Here it is assumed that when α>1, the compliance as well as the distribution are the same across flocks of different mixing types. The ARR allele frequency for which R0(t) = 1 is the minimum frequency required for scrapie control.

The value R0(2008) is calculated by applying Eq (5) to an endemic situation observed in the surveillance in 2002–2005, estimating the prevalence i* for t = 2005 from the prevalence in the active surveillance and in culled flocks and extrapolating R0(2005) to R0(2008) as detailed in the Supplementary Information.

A flow diagram summarizing our calculation approach, including the within- and between-flock modelling parts as well as the different data sources used, is given in Fig 1.

Fig 1. Calculation approach.

Flow diagrams summarizing the calculation approach.


In Fig 2 we present a histogram of the quantity as calculated with the within-flock model from the genotyping survey data in 168 flocks (black bars). The results show that there is much variation in between flocks, in line with the variation in genotype frequencies discussed in [10]. The white bars in Fig 2 represent a model distribution fitted to the data histogram. The distribution is of exponential form with an additional probability at (for details see SI).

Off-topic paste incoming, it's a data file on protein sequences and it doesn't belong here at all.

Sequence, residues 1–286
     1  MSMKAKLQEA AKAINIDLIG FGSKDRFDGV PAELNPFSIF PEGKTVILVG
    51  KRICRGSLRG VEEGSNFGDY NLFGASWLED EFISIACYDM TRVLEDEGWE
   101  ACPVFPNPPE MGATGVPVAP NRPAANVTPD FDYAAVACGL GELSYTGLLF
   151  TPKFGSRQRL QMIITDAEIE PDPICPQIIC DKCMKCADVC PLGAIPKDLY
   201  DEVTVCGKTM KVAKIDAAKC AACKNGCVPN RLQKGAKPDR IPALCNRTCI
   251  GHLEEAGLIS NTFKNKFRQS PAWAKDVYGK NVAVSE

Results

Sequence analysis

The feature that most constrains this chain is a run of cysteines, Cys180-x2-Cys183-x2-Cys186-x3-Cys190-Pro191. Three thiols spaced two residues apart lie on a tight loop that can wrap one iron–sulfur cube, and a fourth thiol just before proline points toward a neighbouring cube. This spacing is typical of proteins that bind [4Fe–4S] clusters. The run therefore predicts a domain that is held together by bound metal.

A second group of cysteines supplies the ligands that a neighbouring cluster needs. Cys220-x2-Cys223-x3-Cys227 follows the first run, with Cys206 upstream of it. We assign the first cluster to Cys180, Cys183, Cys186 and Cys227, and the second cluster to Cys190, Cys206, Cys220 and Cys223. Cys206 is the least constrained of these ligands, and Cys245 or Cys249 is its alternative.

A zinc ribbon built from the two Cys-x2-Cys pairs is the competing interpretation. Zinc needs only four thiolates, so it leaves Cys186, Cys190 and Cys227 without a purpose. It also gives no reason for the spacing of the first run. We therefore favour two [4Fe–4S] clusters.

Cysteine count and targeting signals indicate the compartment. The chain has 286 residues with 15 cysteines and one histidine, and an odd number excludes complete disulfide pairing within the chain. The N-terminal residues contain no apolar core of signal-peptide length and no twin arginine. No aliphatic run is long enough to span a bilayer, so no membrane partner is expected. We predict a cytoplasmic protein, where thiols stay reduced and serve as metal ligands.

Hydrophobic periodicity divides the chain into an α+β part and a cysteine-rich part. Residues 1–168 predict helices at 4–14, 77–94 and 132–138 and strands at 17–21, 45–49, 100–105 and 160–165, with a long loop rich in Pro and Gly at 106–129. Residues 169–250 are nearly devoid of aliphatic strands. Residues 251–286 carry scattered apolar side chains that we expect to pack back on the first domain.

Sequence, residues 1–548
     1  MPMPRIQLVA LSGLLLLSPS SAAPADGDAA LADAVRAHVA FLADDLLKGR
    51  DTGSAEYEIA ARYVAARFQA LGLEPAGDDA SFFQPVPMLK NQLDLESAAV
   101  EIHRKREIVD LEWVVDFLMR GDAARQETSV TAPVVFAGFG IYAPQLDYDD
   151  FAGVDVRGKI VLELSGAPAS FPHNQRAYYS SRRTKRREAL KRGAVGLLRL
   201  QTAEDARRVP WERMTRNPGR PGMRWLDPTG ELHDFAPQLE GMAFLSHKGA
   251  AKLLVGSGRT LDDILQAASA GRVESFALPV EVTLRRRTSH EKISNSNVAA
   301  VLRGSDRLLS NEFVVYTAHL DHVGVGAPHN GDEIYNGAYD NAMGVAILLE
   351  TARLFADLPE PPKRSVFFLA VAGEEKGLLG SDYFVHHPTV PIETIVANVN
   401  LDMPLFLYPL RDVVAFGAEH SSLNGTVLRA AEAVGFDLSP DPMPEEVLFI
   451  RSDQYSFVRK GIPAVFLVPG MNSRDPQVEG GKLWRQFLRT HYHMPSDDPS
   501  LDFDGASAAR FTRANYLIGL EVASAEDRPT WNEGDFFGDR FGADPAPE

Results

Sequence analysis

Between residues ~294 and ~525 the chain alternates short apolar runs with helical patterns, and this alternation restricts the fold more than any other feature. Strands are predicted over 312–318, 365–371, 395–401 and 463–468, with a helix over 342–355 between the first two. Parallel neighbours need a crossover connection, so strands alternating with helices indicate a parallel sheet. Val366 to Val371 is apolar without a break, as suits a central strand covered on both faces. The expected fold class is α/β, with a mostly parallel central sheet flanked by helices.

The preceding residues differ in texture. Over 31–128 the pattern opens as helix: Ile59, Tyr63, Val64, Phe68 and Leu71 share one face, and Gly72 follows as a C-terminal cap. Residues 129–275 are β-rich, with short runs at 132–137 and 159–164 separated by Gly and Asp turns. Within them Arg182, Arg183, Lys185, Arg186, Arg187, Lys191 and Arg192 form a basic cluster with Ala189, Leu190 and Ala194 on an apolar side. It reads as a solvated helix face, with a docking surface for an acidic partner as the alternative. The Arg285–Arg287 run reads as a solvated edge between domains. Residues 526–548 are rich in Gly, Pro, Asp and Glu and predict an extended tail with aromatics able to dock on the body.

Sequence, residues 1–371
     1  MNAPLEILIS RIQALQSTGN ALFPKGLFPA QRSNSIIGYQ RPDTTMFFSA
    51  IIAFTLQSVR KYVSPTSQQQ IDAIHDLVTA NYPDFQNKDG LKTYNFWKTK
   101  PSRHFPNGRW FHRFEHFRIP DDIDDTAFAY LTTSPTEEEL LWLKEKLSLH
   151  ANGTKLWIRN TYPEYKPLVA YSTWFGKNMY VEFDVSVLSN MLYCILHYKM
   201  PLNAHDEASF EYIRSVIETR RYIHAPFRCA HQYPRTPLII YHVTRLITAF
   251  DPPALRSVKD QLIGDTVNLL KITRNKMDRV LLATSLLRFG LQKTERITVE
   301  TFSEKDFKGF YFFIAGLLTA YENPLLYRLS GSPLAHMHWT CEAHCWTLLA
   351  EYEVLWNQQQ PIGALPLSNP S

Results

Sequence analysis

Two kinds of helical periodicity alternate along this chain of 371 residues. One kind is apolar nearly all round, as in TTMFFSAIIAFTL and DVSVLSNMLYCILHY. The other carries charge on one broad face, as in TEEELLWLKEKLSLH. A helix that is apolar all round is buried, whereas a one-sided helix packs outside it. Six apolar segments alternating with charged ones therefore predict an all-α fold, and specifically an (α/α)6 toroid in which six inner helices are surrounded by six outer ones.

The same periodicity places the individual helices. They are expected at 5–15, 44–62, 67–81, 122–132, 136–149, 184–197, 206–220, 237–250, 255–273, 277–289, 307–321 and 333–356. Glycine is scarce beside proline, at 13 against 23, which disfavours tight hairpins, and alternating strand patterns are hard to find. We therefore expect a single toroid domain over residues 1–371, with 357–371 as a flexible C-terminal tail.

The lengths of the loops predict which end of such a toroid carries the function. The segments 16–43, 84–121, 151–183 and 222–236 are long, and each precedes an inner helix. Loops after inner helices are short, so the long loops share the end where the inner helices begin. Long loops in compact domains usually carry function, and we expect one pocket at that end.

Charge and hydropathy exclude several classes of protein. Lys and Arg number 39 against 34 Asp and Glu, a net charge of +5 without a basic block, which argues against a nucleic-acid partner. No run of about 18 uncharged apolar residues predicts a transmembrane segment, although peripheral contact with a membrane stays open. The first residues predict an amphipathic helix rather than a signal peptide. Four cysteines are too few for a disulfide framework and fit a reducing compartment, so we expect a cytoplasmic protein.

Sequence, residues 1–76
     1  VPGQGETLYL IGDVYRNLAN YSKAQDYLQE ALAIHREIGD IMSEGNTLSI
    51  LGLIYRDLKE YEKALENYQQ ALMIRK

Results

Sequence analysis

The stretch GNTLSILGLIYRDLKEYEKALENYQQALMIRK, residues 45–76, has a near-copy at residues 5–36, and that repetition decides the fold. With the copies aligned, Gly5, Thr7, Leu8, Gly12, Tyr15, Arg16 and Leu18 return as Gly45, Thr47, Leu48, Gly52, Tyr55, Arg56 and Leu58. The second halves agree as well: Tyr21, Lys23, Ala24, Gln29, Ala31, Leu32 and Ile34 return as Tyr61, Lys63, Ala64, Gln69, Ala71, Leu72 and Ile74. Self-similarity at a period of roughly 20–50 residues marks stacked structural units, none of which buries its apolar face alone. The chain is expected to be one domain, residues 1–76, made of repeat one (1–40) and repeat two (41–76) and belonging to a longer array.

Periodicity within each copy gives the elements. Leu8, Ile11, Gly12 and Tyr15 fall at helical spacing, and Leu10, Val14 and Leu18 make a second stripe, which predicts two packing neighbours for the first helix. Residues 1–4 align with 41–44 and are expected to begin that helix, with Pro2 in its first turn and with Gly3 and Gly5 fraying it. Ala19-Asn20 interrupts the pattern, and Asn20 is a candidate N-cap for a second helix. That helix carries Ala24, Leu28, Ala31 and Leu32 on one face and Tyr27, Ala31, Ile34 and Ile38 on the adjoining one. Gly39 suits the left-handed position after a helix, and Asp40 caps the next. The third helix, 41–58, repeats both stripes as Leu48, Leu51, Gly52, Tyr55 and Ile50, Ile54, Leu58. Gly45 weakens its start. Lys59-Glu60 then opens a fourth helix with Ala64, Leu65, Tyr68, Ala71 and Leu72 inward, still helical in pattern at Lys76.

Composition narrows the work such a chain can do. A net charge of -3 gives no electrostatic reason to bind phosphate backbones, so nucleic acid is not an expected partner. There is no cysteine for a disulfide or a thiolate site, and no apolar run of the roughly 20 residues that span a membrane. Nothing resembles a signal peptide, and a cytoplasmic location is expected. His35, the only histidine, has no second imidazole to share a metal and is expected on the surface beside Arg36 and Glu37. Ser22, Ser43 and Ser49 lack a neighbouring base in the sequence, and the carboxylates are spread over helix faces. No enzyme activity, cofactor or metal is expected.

Fig 2. Distribution of weighted flock genotype frequencies.

Histogram of the quantity . Black bars: as calculated using the within-flock model of Ref. [13] from the genotyping survey results in 168 flocks. White bars: model distribution (for details see S2 File).

As described in the Methods section, the model distribution for shown in Fig 2 and the Weibull model distribution for β estimated in Ref. [13] together determine the model distribution for . The part of this distribution relating non-zero values is shown in Fig 3. According to the model, 37.3% of Dutch flocks had an above one in early 2008, i.e. 37.3% of flocks were susceptible to epidemic within-flock scrapie spread. The tail of the distribution in Fig 3 corresponds to flocks that, as they have highest scrapie transmission potential, would require the longest period of selective breeding to bring below one. This tail is therefore an important determinant of the prospects for obtaining population-level scrapie control.